Translated by David McDuff

Heikki Hiilamo: Uusi hyvinvointivaltio [The new welfare state]

1 June 2011 | Mini reviews, Reviews

Uusi hyvinvointivaltio
[The new welfare state]
Helsinki: Like Publishing, 2011. 131 p.
ISBN 978-952-01-0615-7
€ 17, paperback

There is concern in Finland about the decline of the Nordic welfare state and the return of a class society. Problems exist with regard to issues such as the country’s aging population, changes in the structure of the labour market, the increase in income disparity, and lifestyle issues. The impoverishment caused by the recession of the 1990s did not decrease in the early 2000s, as could be seen in things like the rise of bread lines, much debated by Finns. The author – an expert on the welfare state and a poverty researcher – examines the values of the good society and its institutions. He discusses welfare as the politics of social possibilities: ‘The current system does not sufficiently allow the individual to come up with his own initiatives for positive change – instead, it fetters those initiatives.’ Hiilamo’s campaining book reflects on how the welfare state could be developed twenty years after the recession crisis, and how the middle class might be brought to realise that the growth in income disparity also affects their own welfare.
Translated by David McDuff


Kvinnornas Helsingfors: en kulturhistorisk guide [Women’s Helsinki: a culture-historical guidebook]

6 May 2011 | Mini reviews, Reviews

Kvinnornas Helsingfors: en kulturhistorisk guide
[Women’s Helsinki: a cultural-historical guidebook]
Red. [Ed. by] Anna Biström, Rita Paqvalén, Hedvig Rask
Helsingfors: Schildts, 2010. 251 p., ill.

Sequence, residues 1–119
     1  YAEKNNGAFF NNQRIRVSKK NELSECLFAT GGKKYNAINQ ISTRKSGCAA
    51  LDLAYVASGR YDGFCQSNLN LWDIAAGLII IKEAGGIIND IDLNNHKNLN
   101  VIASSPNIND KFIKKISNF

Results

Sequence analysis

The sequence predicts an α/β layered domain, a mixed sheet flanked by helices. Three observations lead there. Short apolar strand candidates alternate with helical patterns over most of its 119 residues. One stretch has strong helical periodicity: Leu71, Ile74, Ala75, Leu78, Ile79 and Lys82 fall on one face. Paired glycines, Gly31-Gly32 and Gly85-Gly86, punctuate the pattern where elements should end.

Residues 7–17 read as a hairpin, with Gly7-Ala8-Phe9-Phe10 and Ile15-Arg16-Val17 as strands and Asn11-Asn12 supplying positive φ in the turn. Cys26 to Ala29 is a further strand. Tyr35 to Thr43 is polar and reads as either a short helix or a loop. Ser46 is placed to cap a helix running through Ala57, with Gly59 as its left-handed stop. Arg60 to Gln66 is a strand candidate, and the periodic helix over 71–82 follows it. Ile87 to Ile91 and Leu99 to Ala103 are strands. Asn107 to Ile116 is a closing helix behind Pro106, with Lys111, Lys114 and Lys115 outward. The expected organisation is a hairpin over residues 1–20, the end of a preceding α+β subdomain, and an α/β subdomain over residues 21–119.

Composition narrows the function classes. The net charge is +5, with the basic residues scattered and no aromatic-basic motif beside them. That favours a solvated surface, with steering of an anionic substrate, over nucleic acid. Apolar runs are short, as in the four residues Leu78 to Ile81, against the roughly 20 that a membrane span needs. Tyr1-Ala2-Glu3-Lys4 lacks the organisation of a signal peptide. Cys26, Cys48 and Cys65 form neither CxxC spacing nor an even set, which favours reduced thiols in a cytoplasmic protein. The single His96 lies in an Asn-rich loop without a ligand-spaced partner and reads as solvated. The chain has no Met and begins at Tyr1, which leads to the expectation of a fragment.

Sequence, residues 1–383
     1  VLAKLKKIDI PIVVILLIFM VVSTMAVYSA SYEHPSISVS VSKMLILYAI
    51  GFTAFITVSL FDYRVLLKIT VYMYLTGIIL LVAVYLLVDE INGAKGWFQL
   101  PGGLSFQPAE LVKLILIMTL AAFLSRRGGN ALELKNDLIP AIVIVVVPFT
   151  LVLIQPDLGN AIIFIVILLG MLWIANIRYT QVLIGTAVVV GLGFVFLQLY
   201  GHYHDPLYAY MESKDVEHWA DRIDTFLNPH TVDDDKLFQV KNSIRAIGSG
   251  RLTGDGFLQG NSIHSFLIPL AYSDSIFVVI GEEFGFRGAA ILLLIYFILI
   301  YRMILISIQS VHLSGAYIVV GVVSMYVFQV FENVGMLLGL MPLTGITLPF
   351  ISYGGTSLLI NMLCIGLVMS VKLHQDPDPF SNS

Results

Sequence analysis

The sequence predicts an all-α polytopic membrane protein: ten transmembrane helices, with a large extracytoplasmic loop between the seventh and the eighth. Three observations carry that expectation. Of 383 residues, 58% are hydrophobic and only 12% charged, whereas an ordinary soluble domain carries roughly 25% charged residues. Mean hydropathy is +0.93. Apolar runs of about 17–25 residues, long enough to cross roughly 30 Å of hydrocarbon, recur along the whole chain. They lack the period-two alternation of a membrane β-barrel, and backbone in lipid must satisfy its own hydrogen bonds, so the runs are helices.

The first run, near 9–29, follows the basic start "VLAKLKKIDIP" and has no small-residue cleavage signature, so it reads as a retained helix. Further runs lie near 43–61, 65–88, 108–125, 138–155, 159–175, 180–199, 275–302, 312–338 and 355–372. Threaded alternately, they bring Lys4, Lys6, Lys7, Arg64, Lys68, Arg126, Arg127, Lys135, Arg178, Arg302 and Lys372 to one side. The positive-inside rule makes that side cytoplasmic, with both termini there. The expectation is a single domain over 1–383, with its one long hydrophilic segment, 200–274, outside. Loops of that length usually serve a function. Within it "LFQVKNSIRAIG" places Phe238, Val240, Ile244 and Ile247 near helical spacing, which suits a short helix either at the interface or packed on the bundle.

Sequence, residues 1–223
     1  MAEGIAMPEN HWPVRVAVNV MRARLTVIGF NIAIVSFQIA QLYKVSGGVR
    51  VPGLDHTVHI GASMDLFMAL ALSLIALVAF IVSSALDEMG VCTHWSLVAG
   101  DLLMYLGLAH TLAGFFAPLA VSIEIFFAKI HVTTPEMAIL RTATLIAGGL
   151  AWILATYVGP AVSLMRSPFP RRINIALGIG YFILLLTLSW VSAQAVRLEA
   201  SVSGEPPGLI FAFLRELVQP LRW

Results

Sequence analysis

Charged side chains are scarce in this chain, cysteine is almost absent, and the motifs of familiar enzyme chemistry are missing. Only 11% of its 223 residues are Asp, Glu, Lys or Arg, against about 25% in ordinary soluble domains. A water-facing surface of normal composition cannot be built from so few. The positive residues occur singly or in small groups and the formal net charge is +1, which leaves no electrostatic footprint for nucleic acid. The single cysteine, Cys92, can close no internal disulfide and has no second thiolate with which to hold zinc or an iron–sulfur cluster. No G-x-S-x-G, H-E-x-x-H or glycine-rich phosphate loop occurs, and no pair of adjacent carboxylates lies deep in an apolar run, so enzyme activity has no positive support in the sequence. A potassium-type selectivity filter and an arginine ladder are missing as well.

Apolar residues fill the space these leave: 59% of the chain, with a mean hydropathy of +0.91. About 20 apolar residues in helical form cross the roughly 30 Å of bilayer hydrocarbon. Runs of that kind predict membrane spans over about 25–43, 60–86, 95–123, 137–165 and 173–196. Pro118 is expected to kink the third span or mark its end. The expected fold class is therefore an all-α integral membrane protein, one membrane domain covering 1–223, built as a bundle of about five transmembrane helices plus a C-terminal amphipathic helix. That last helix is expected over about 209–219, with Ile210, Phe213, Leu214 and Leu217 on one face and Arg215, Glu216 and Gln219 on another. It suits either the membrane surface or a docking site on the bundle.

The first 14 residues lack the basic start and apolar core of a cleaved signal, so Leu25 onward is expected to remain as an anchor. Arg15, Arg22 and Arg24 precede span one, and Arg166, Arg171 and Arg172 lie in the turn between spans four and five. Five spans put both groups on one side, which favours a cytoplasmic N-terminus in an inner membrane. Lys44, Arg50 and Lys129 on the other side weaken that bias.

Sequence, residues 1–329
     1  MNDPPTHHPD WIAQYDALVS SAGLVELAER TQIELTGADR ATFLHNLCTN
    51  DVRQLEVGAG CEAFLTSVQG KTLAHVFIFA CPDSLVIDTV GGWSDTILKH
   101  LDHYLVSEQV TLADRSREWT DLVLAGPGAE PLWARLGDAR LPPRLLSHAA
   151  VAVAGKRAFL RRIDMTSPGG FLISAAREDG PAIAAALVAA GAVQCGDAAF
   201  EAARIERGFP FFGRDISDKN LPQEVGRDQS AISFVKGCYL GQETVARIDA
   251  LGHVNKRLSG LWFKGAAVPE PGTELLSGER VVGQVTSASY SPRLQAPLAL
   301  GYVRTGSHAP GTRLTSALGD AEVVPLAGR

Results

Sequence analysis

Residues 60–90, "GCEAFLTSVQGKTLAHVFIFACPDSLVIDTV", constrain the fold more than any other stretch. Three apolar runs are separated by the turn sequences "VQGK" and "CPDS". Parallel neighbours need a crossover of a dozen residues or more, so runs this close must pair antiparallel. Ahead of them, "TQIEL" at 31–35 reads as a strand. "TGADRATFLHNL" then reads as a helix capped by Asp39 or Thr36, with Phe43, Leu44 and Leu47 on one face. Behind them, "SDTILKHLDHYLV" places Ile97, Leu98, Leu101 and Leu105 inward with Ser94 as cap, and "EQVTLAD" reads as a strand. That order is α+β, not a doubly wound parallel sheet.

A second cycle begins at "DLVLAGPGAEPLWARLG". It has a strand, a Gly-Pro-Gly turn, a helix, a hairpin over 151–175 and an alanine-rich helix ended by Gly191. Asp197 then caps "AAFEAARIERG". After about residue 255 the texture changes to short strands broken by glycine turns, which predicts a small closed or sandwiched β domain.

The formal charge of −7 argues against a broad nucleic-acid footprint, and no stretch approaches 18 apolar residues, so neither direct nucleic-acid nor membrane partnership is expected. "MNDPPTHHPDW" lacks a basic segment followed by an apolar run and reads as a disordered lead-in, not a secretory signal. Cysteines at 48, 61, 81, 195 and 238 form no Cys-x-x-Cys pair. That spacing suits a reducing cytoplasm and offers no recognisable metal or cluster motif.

ISBN 978-951-50-2007-9
Finnish-language edition: Naisten Helsinki: kulttuurihistoriallinen opas
ISBN 978-951-50-1994-3
€ 34, paperback

A group comprising fourteen women has addressed the question of what the map of Helsinki would look like seen through women’s history: what are the most significant places and monuments; what traces of women’s history could one read in the fabric of the city? This book portrays various eras in the city’s history from the 16th century onwards, along with profiles of female pioneers in fields from architecture to parliamentarians, from early political activists to present-day squatters. Helsinki has often been called ‘the city of women’ due to the large influx of women who came to work in the Finnish capital, particularly in the early 20th century – the increase in the number of office girls even boosted the publishing and film industries. In his Finnish letters written in the 1890s, Spanish author and diplomat Ángel Ganivet expressed his horror at the bicycling women of Helsinki. This book also includes pieces written by prominent contemporary women, from Finnish President Tarja Halonen to author Pirkko Saisio.
Translated by Ruth Urbom

Kirjoituksia sankaruudesta [Writings on heroism]

25 March 2011 | Mini reviews, Reviews

Kirjoituksia sankaruudesta
[Writings on heroism]
Toim. [Ed. by] Ulla-Maija Peltonen & Ilona Kemppainen
Helsinki: Suomalaisen Kirjallisuuden Seura, 2010. 330 p., ill.
ISBN 978-952-222-207-7
€ 29, paperback

This book examines Finnish heroism and anti-heroism by using approaches from folklore studies, history and literary theory. Political ‘heroism’ manufactured by the media is explored through a study of in-depth personal portraits of Finnish politicians published in the country’s biggest newspaper, Helsingin Sanomat, between 1981 and 2005. According to the research material, a positive impression is made by a narrative about a politician who is an independent thinker even in the context of his own party, from an ordinary home, engaged in manual work in his youth and risen to success overcoming setbacks through his own merits and without intrigue. The story of the European Union’s Commissioner for Economic and Monetary Affairs, Olli Rehn, is a heroic story about a politician who dares believe in a European Finland even when it was disadvantageous to his career. Since the 1990s, writers have begun to take a renewed interest in war heroism; the climate in the 1960s and 1970s was pacifist, but now the ‘Winter War spirit’, which is deemed heroic, has been surfacing in an ever-increasing variety of situations, including economic crises.
Translated by Ruth Urbom